Glancing blows from the far outer bands of Hurricane Gustav broke up Duane Franklin's truck in Clearwater on Sunday and stole power from Pinellas County households, but as it threatens the Texas and Louisiana coasts today, the storm should continue to delight surfers here.
Sunday's high winds, which gusted up to 35 mph, should slacken to half that by noon today, said Mike Cantin, meteorologist with the National Weather Service.
But Gustav's residual swell will continue along the Pinellas coast today, with waves of 4 to 6 feet.
"Another good surf day for the holiday," Cantin said. "Not a good beach day."
Strong rip currents are likely, so Cantin advised against swimming and urged surfers to exercise caution.
Rob Diersing, 32, of St. Petersburg said he planned to be back on the beach at 6 a.m.
"It was pretty crazy today. We had very long lines offshore," Diersing said Sunday while toting a 6-foot yellow Ballistics board along Sunset Beach in Treasure Island.
Angel Famiglietti of Tampa agreed.
"I've seen better conditions, but this is definitely one of the best," said Famiglietti, 30.
Along the coastline, more than a hundred surfers bobbed up and down on their boards, ready to catch the next good wave.
Lenny Stamos, 61, owner of Lenny's Surf Shop on St. Pete Beach, said there was a "carnival atmosphere" Sunday at Upham and Sunset beaches — two favorite spots for local wave riders.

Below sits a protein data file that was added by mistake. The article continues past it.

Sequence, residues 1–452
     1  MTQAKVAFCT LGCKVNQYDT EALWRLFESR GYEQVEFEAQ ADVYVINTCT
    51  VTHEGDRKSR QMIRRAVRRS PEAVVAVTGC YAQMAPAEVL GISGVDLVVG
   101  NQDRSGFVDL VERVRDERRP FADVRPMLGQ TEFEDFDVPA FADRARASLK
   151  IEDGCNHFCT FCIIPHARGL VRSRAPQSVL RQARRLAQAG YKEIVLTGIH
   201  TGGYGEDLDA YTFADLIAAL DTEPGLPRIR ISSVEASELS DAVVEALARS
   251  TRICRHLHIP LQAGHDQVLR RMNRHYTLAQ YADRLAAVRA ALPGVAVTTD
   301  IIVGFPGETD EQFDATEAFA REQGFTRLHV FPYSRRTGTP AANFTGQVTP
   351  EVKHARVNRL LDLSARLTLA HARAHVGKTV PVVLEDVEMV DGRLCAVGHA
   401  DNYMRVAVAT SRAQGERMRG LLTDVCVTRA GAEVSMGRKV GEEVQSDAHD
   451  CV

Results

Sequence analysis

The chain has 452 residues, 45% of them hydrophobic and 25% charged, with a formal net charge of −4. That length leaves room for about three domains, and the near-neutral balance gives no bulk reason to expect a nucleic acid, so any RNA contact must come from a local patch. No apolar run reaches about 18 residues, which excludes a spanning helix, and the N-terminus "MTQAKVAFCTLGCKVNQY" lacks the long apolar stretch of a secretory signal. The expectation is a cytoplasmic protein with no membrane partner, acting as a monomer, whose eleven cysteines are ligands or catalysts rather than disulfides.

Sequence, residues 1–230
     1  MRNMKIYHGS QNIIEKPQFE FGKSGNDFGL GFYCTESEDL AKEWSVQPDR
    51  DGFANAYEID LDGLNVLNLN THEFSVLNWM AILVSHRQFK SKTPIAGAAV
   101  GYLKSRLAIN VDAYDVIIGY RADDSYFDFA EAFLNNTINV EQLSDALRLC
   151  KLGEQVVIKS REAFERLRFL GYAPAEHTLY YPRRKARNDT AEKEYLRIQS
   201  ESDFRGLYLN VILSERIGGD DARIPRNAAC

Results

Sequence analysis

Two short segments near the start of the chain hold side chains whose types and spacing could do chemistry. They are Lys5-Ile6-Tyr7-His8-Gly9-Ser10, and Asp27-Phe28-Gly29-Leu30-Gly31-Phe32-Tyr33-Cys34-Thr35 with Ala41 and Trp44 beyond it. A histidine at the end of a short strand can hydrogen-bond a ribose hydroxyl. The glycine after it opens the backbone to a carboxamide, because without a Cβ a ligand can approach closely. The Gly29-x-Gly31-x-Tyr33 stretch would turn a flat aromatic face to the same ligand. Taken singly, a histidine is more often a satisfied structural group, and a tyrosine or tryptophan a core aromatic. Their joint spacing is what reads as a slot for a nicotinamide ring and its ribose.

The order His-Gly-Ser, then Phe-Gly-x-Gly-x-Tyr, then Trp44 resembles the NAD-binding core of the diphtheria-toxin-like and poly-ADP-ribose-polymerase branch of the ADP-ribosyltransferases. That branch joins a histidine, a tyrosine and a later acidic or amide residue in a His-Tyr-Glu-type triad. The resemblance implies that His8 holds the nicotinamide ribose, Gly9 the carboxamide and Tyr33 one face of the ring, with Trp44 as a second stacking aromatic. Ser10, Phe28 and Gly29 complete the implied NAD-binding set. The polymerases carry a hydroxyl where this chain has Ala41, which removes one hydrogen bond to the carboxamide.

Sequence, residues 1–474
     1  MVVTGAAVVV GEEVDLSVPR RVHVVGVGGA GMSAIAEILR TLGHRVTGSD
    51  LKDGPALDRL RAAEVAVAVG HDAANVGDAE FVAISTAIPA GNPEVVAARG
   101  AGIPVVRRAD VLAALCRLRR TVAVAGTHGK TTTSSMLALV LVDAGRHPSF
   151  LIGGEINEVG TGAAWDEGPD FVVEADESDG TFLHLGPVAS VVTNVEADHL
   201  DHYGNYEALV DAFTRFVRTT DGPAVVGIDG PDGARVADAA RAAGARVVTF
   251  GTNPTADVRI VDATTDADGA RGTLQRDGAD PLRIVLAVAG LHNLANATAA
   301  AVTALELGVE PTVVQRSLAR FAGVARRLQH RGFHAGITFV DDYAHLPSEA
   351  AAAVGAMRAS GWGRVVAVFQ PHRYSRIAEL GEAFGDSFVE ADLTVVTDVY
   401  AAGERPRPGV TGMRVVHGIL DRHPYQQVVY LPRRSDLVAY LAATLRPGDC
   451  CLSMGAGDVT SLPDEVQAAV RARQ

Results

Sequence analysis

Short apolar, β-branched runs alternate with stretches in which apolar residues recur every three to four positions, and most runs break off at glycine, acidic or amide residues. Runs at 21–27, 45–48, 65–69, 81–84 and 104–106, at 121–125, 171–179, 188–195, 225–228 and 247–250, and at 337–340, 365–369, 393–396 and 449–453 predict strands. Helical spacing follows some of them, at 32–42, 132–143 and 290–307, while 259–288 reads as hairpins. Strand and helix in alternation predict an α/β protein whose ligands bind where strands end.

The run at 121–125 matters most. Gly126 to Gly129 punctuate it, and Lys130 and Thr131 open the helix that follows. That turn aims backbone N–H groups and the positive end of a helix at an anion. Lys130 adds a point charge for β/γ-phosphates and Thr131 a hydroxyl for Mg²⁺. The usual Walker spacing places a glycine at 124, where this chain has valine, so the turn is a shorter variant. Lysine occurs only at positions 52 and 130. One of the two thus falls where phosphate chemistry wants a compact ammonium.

"By noon, anything that floated was in the water," Stamos said.
Surf Shop employee Tim Harmon, 30, said he fielded calls all day from surfers on the east coast who were headed across the state to capitalize on the waves being churned up in the Gulf of Mexico.
"It's been absolutely insane. All of our rental boards are out," he said.
On Tampa's Bayshore Boulevard on Sunday afternoon, a stiff breeze ruffled both the waves and the palm trees. The wind and the overcast sky kept the usual crowds away, but a few people braved the weather.
Partners Will Freshwater and Steve Cremen moved here a few months ago from Washington, D.C., so they brought their golden retriever, Rory, to check out the waves.
"This is all new to us," Freshwater said. "Every time there's erratic weather, we go check it out. The bay looks like the ocean."
Sunday's high winds did more than help push waves ashore. As of 4 p.m., Progress Energy had documented outages to 1,000 clients attributable to Gustav. That sounds like a lot, but Progress Energy spokeswoman Sarah Varga said a bad lightning storm can cause more trouble.
"We're very lucky," Varga said. "There has just been a smattering of short outages."
Though it was more than 200 miles away, Gustav reached out and ruined the afternoon for Duane Franklin, who works anchoring mobile homes to secure them during hurricanes.
Franklin, 57, was going into the kitchen of his place at Hidden Oaks Apartments on Druid Road E in Clearwater just before 3 p.m. when he heard a crunch, then a crash.
The wind had whipped down an oak tree limb, which fell on his girlfriend's silver Kia Sportage and his white 2000 Ford F-150 pickup truck.
Franklin estimated the limb was thick as a man and about 12 to 14 feet long. He tried to pry the limb off, but couldn't do the job alone.
To add insult, a hive of bees that called the limb home stung Franklin twice. The sides of his truck were smeared with honey.